Incredible!!! David Cope is incredible! His understanding of western music composition is so thorough that he can easily mimic Bach, Beethoven, Mozart, and more. Above and beyond this talent, however, Cope has written software to automatically compose music in these styles. (!!!)
Can you tell which is which? Guess whether each piece was composed by Chopin or Cope’s software! (Then read on for the answers.)
Virtual Music explains the inner workings of this music-writing software, Experiments in Musical Intelligence (EMI). It presents the theory behind the algorithms (some of which was over my head with my limited music theory and notation training) along with interesting commentary from other composers and academics on the artistic ramifications of the fact that computers can now write convincing music.
I found the book absolutely fascinating and am deeply inspired by Cope’s work. He is able to think of music and compose with a remarkably high level of perspective. Whereas I’m often caught up in the minutia of composition, Cope is able to think about whole classes of melody and rhythm and the underlying concepts. He is able to codify successful compositional strategies and communicate them clearly. In answer to the question of how to write music, so many composers wax poetic… “I open myself to the creative muse and let it flow.” How about some advice that’s more helpful?! Cope speaks more precisely… “retain the name of the destination pitch to which each voice moved in the next beat… (and) collect these beat objects in various groups called lexicons named according to the pitches and register of their entering voices (e.g., C1-G1-C2-E3, where the number suffixes reflect the octave of the note names.)” Ask and you shall receive!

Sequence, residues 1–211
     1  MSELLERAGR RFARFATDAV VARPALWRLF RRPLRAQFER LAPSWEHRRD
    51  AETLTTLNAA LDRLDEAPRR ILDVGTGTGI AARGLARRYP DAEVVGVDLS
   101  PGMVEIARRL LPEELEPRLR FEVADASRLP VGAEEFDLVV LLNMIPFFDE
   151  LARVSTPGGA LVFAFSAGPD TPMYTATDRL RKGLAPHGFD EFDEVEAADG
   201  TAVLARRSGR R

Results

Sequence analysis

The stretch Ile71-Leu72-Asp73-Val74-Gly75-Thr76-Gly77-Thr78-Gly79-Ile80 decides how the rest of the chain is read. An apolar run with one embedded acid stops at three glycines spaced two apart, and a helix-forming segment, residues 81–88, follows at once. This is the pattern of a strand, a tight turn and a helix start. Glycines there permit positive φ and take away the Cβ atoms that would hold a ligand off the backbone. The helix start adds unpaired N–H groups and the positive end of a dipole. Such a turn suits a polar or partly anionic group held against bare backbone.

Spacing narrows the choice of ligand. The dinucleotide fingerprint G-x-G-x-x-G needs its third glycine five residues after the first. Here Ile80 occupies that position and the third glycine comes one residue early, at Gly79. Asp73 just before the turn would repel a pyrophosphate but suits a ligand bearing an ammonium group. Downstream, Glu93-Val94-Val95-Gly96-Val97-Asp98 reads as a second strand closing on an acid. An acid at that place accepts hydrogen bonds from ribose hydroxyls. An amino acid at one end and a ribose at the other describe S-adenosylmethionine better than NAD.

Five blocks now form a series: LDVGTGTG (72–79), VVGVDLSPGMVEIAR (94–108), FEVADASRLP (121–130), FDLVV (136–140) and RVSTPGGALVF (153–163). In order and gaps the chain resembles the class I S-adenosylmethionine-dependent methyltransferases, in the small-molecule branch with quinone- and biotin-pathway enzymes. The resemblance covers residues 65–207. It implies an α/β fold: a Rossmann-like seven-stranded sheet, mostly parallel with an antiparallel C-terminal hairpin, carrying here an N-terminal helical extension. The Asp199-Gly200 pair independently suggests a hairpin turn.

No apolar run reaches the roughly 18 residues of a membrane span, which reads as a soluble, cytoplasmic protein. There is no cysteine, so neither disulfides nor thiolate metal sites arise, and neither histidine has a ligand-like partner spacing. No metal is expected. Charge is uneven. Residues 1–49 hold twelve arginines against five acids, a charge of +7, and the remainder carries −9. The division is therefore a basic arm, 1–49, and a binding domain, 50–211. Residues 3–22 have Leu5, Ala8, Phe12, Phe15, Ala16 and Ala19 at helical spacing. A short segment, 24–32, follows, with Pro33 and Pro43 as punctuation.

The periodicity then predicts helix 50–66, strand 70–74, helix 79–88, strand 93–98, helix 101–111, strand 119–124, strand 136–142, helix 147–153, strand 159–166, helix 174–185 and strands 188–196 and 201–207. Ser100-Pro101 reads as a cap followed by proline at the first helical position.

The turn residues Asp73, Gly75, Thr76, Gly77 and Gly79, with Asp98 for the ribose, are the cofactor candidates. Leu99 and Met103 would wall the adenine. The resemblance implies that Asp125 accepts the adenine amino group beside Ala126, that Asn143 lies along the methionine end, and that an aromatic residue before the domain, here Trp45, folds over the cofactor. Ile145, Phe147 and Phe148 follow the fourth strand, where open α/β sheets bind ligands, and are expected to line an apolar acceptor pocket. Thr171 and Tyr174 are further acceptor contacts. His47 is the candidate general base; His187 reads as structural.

After reading Virtual Music, I am inspired to learn more about Cope’s music, about classical music generally, to practice composition, and to try and develop a deeper understanding of my musical preferences. I have checked out a music theory book by Cope and am gradually working my way through. (SPOILER ALERT) By the way, Mazurka 1 and 4 above were composed by EMI. (/SPOILER ALERT) They were written more than 10 years ago and his software is even better today!
Tags: book reviews